Thursday, June 30, 1988WHO FRAMED ROGER RABBIT. Written by Jeffrey Price and Peter S. Seaman; based on Gary K. Wolf's novel Who Censored Roger Rabbit? Music by Alan Silvestri. Animation direction by Richard Williams. Directed by Robert Zemeckis. Running time: 106 minutes. Mature entertainment with the B.C. Classifier's warning: occasional suggestive language.
TIME WAS, VALIANT & Valiant made news. Once the best private eyes in L.A., the brothers were famous for cracking the Duck Nephews kidnapping case and clearing Goofy's name of wartime spying charges.
That time is past. A seedy has-been, Eddie Valiant (Bob Hoskins) has been partnered with a bottle since the night "a Toon killed his brother.''
Since then, he's refused to take cases involving the animated inhabitants of the Hollywood ghetto known as Toontown.
How ironic that the biggest case of Eddie's life should link his fate with that of an accused murderer who also happens to be a Toon. It's the summer of 1947, and the hardboiled dick needs to find out Who Framed Roger Rabbit.
Who, indeed? The list of suspects includes some of the most innovative talents in movies today.
Directing is Robert Zemeckis, the man who made both Back to the Future (1985) and Romancing the Stone (1984). Animation direction is by Richard Williams, the London-based Canadian cartoon genius.
Producing are Walt Disney's Touchstone Pictures, currently the hottest studio in the business, and Steven Spielberg's own Amblin' Entertainment. George Lucas's Industrial Light and Magic provided the special effects.
Together, they've come up with the motion picture event of 1988, a physical marriage of live action and animation that is technical perfection. You'll believe that Toons are real, and actually co-exist with humans in a live-action world.
Less easy is the emotional marriage between the worlds of film noir and animation. Dangerous and formal, noir is visually dark and angular, while cartoons are amiably anarchic, brightly coloured and plastic in form.
As a comedy, Zemeckis's feature gives off mixed signals. On one hand, its adventure plot recalls such Speilberg presentations as 1984's Gremlins, pictures full of pop culture references that build to big ILM-crafted finishes.
On the other, it is the ultimate cartoon, a film containing cameo appearances by such Toon superstars as Bugs Bunny, Mickey Mouse, Porky Pig, Dumbo and half the cast of 1940's Fantasia. Can you resist a Donald Duck/Daffy Duck piano duet, or Tweety Bird playing schtick opposite actor Hoskins?
Unforgettable is a poignant moment in which a black-and-white Betty Boop turns up as a nightclub hostess. "Work's been slow,'' she says. "ever since they started making cartoons in color.''
Though kids will love Eddie's hyperactive client Roger (voiced by Charles Fleischer), the character is too far over the top to generate genuine dramatic sympathy. His human Toon wife Jessica, by contrast, is both a first-rate character and a stunningly effective presence, a combination of unerring animation and the voice talents of Kathleen Turner.
Among the human performers, Hoskins couldn't be better. He gets terrific support from Christopher Lloyd, as the sinister Judge Doom, and Joanna Cassidy as Eddie's loyal girlfriend Dolores.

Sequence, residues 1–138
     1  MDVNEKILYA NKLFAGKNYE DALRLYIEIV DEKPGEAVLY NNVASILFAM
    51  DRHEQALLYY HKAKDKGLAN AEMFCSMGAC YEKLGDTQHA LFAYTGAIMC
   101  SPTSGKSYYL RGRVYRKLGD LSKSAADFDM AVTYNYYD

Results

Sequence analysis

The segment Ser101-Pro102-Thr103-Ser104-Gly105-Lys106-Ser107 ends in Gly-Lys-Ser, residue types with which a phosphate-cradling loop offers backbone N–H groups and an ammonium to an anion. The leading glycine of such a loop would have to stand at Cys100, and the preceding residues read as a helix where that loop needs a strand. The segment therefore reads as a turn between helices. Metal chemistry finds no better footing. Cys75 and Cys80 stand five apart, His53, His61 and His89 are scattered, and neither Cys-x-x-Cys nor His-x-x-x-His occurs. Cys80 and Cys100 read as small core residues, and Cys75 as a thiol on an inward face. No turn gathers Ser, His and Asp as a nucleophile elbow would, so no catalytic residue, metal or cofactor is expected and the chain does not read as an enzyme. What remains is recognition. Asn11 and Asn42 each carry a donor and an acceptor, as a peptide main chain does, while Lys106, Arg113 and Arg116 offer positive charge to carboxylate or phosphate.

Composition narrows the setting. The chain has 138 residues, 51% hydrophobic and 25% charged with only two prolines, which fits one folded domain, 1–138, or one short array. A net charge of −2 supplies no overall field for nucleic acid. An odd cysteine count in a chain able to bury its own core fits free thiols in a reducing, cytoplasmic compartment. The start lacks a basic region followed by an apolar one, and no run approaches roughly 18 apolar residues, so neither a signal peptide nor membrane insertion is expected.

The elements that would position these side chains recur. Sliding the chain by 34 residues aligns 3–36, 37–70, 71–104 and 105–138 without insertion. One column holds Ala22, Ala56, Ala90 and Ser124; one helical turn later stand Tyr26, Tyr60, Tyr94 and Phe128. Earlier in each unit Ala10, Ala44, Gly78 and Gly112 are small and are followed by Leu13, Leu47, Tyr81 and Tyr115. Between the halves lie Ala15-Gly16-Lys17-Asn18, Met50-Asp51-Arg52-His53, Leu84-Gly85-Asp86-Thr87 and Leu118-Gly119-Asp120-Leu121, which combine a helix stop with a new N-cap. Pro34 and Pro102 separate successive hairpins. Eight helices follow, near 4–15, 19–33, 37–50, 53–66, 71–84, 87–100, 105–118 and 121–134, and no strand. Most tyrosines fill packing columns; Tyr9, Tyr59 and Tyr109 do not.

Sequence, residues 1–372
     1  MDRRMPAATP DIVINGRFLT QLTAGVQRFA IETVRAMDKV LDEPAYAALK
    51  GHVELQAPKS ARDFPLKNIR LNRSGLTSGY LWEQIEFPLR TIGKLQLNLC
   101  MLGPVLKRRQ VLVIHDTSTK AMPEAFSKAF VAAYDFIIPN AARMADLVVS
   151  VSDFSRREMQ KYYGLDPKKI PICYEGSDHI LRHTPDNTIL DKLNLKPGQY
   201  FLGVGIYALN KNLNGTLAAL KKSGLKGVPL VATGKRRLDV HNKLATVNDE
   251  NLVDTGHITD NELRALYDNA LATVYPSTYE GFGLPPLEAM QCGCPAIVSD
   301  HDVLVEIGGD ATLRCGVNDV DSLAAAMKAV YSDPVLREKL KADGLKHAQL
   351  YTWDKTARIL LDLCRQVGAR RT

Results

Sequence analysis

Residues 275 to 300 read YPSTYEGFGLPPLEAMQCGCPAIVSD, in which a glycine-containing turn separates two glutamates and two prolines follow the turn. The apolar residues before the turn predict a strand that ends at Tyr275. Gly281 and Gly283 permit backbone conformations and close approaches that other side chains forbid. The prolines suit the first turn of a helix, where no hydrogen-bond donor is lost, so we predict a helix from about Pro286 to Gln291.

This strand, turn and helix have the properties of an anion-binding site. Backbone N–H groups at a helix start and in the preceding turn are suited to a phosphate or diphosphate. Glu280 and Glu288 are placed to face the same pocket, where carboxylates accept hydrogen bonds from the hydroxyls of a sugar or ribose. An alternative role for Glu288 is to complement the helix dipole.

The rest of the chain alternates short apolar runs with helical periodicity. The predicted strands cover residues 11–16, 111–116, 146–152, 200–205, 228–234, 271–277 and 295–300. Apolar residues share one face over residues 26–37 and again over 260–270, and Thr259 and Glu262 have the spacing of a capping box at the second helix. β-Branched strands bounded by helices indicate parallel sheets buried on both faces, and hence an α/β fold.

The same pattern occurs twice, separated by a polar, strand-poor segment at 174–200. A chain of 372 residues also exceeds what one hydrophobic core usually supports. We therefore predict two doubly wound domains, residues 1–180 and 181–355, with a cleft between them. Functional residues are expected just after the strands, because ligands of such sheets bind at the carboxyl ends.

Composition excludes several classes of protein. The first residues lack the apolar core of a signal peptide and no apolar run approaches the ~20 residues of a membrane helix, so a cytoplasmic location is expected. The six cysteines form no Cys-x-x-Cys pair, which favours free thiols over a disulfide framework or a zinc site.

A landmark movie if not a masterpiece, Who Framed Roger Rabbit celebrates animation with a star-studded gathering of an era's best and brightest.
The above is a restored version of a Province review by Michael Walsh originally published in 1988. For additional information on this archived material, please visit my FAQ.
Afterword: The ultimate anijam, Who Framed Roger Rabbit was a treasure chest of historical connections. For example, Charles Fleischer, the voice of Roger Rabbitt, shares a name (if not an actual family link) with pioneer animator Max Fleischer, inventor of the rotoscope. The New York-based Fleischer brothers were among the first to combine live action and cartoon performers in the movies. Their silent Out of the Inkwell cartoons (1918-1929) introduced audiences to Koko the Clown. The appearance of Betty Boop in Zemeckis's Toontown connected his world to the Flieschers' most famous creation. Then there was Walt Disney, who made his start in animation in Los Angeles with a series of short films collectively known as the Alice Comedies (1924-1927). Also called his Alice in Cartoonland pictures, they featured a little girl's adventures among Disney's first 'toon creations. In the sound era, animated-live interactions in big studio feature films began as early as 1930, when Walter Lantz's character Oswald the Rabbit made a brief appearance opposite bandleader Paul Whiteman in the muscial revue feature King of Jazz. Among the most famous live actor-cartoon pairings was Gene Kelly dancing with Jerry the Mouse (Anchors Aweigh; 1945). The cartoon mouse then went on to perform an underwater ballet with Esther Williams (Dangerous When Wet; 1953). Following the success of Who Framed Roger Rabbit, a semi-retired Ralph Bakshi returned to feature film production to direct his own cartoon/live-action feature, Cool World. Zemeckis, whose interest is more in the broader entertainment possibilities of technology, has distinguished himself as a producer-director of such special effects shows as 1997's Contact, The Polar Express (2004) and Beowulf (2007). Scheduled for an October 2015 release is his filmed-in-Montreal feature The Walk. The story of a French tightrope artist's 1974 walk on a wire strung between the World Trade Centre's Twin Towers, its most spectacular effect may just be the virtual rebuilding of the Towers themselves.